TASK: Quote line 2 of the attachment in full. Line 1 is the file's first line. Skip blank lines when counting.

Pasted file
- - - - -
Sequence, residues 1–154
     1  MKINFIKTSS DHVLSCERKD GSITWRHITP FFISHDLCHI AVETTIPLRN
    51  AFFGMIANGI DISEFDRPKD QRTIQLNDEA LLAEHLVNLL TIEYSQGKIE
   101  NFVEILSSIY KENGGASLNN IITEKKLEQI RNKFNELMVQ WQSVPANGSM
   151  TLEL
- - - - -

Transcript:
     1  MKINFIKTSS DHVLSCERKD GSITWRHITP FFISHDLCHI AVETTIPLRN